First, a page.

Central government and government guaranteed debt on gross basis. From FY 2002/03, includes debt issued to the BoJ to cover its cash losses and related capitalized interest. FY 2006/07 debt includes US$350 million in prefinancing. The primary balance includes budgetary primary balance and off-budget expenditure. Dynamics do not drive guaranteed debt. PetroCaribe debt treated as guaranteed debt in this analysis.

Derived as [(r - p(1+g) - g + ae(1+r)]/(1+g+p+gp)) times previous period debt ratio, with r = interest rate; p = growth rate of GDP deflator; g = real GDP growth rate; a = share of foreign-currency denominated debt; and e = nominal exchange rate depreciation (measured by increase in local currency value of U.S. dollar).

The real interest rate contribution is derived from the denominator in footnote 2/ as r - π (1+g) and the real growth contribution as -g.

The exchange rate contribution is derived from the numerator in footnote 2/ as ae(1+r).

For projections, this line includes exchange rate changes.

Defined as public sector deficit, plus amortization of medium and long-term public sector debt, plus short-term debt at end of previous period.

The key variables include real GDP growth; real interest rate; and primary balance in percent of GDP. Guaranteed debt added for presentational purposes.

Derived as nominal interest expenditure divided by previous period debt stock.

Table 10. Figure 1.Jamaica: Public Debt Sustainability: Bound Tests 1/

(Public debt in percent of GDP)

Sources: International Monetary Fund, Country desk data, and staff estimates.

1/ Shaded areas and the Baseline projection line represent actual Central Government Debt data. Individual shocks are permanent one-half standard deviation shocks. Figures in the boxes represent average projections for the respective variables in the baseline and scenario being presented. Ten-year historical average for the variable is also shown.

2/ Permanent 1/4 standard deviation shocks applied to real interest rate, growth rate, and primary balance.

3/ One-time real depreciation of 30 percent and 10 percent of GDP shock to contingent liabilities occur in 2006, with real depreciation defined as nominal depreciation (measured by percentage fall in dollar value of local currency) minus domestic inflation (based on GDP deflator).

Table 11.Jamaica: External Debt Sustainability Framework, 2001/02-2010/11(In percent of GDP, unless otherwise indicated)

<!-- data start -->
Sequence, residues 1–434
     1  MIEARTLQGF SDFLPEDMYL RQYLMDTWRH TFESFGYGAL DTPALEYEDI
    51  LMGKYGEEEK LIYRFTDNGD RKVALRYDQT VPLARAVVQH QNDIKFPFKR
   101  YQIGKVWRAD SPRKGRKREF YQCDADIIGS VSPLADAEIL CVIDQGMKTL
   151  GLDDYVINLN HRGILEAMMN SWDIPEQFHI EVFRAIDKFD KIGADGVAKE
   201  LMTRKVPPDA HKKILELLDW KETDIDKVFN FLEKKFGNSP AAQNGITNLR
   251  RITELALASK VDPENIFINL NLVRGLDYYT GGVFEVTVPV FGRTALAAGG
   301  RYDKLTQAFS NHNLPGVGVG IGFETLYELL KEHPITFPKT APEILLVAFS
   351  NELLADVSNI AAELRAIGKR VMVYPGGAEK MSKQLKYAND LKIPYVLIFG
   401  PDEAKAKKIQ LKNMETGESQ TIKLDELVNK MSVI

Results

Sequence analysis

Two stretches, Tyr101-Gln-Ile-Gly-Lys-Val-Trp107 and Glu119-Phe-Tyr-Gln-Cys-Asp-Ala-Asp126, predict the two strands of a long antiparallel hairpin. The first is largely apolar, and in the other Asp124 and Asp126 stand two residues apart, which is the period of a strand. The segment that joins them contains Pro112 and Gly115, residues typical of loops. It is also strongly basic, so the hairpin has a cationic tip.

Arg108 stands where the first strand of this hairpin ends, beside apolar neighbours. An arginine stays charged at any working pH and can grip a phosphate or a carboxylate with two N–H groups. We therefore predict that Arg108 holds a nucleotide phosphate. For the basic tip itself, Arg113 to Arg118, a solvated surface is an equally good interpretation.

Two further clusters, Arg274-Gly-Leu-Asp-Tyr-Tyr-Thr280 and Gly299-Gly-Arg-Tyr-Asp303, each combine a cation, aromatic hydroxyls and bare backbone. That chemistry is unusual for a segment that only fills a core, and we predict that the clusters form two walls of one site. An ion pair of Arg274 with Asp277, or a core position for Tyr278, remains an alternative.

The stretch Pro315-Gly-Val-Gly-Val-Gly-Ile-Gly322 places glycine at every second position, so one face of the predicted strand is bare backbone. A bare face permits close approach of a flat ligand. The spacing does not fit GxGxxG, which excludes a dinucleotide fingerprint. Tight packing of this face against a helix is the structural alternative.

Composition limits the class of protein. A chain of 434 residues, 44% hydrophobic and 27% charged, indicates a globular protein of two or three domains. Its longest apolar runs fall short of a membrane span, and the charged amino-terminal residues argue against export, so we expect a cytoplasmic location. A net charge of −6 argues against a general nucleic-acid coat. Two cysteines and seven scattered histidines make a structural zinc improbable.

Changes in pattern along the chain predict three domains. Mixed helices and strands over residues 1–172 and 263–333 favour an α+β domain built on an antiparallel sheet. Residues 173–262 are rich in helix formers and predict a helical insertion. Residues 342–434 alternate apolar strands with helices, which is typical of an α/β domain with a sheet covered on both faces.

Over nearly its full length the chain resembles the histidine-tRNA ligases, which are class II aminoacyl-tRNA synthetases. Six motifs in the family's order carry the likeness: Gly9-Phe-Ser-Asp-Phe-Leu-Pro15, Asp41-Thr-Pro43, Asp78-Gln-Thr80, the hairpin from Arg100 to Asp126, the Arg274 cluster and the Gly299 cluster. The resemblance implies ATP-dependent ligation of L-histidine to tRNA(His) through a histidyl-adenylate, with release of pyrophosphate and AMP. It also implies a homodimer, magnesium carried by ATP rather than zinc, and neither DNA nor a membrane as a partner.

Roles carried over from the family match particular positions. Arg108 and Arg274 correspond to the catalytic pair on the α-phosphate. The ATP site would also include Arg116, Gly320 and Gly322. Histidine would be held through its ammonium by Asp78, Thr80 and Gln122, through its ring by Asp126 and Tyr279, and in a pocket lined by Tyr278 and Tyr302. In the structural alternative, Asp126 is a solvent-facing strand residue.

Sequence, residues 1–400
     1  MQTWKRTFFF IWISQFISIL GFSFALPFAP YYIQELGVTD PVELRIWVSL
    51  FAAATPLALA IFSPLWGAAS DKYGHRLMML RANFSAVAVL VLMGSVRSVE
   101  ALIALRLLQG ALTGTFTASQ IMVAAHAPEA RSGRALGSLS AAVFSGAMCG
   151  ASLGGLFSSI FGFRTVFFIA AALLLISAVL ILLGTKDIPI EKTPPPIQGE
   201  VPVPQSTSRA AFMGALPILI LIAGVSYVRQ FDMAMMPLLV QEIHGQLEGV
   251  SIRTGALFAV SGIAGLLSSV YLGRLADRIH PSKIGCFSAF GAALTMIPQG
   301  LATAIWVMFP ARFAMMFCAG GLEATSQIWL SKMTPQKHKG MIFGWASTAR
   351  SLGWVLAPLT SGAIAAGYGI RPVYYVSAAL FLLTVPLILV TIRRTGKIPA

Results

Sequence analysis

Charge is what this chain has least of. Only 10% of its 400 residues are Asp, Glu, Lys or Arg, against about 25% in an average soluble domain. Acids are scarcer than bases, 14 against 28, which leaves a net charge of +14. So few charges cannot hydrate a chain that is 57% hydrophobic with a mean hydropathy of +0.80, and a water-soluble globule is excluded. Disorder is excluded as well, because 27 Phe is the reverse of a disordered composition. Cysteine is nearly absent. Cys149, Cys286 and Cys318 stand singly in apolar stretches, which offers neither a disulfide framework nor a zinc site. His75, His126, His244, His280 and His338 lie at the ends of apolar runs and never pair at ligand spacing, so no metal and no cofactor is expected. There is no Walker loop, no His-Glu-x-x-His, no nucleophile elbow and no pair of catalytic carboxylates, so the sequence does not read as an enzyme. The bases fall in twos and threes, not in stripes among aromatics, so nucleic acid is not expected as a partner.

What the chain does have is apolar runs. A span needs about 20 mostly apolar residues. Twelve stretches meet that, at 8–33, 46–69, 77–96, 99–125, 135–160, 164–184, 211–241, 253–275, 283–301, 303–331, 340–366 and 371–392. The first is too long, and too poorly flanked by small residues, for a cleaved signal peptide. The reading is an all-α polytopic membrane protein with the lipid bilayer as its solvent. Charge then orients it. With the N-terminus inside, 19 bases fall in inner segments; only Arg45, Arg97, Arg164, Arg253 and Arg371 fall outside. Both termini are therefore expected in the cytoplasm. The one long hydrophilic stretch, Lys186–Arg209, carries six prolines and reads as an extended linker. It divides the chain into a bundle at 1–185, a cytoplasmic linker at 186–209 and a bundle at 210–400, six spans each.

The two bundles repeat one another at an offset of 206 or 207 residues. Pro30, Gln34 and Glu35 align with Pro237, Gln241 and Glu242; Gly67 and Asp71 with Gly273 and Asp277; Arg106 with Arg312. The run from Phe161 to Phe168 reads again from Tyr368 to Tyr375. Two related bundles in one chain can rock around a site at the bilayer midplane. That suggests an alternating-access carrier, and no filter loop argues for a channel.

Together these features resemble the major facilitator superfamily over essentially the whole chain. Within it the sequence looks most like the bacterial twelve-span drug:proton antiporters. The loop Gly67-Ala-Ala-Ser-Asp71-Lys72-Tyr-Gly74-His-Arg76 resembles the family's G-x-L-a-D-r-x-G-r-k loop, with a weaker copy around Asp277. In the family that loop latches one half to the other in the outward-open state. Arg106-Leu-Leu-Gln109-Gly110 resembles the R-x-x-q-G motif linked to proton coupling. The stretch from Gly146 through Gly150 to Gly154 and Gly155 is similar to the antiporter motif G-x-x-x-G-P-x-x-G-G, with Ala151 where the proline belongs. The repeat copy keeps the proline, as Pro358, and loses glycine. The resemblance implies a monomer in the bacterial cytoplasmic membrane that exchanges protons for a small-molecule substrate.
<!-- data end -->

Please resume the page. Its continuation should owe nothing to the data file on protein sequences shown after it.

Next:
ActualProjectionsDebt-stabilizing non-interest current account 6/
2002/032003/042004/052005/062006/072007/082008/092009/102010/112011/122012/13
1Baseline: External debt49.854.456.354.858.855.654.957.358.759.259.2-5.5
2Change in external debt-3.74.61.9-1.64.1-3.2-0.72.41.30.60.0
3Identified external debt-creating flows (4+8+9)7.50.3-2.4-1.22.03.75.94.3-1.80.7-0.4
4Current account deficit, excluding interest payments10.13.43.87.87.510.79.57.76.04.73.7
5Deficit in balance of goods and services19.814.917.420.421.824.922.520.719.217.716.3
6Exports39.444.243.141.545.743.843.344.445.346.547.3
7Imports59.259.160.561.867.568.765.865.064.564.263.6
8Net nondebt creating capital inflows (negative)-4.8-7.1-6.0-6.0-7.3-11.1-6.1-5.7-9.8-5.5-5.4
9Automatic debt dynamics 1/2.24.0-0.2-3.01.74.12.52.22.01.51.3
10Contribution from nominal interest rate3.73.53.73.84.24.73.93.73.63.43.2
11Contribution from real GDP growth-1.2-0.9-0.2-1.0-1.2-0.5-1.3-1.5-1.7-1.9-1.9
12Contribution from price and exchange rate changes 2/-0.41.4-3.7-5.8-1.3
13Residual, incl. change in gross foreign assets (2-3) 3/-11.24.34.4-0.42.1-6.9-6.6-1.93.1-0.20.4
External debt-to-exports ratio (in percent)126.4123.1130.6132.0128.7127.1126.7129.2129.4127.2125.2
Gross external financing need (In billions of U.S. dollars) 4/1.90.91.31.82.22.42.41.91.71.91.8
in percent of GDP22.610.414.917.520.820.818.513.611.512.411.4
Scenario with key variables at their historical averages 5/55.654.554.159.461.263.9-4.0
Key Macroeconomic Assumptions Underlying Baseline
Real GDP growth (in percent)2.21.80.42.02.41.02.72.83.13.33.5
GDP deflator in U.S. dollars (change in percent)0.7-2.87.311.52.46.610.31.92.22.32.5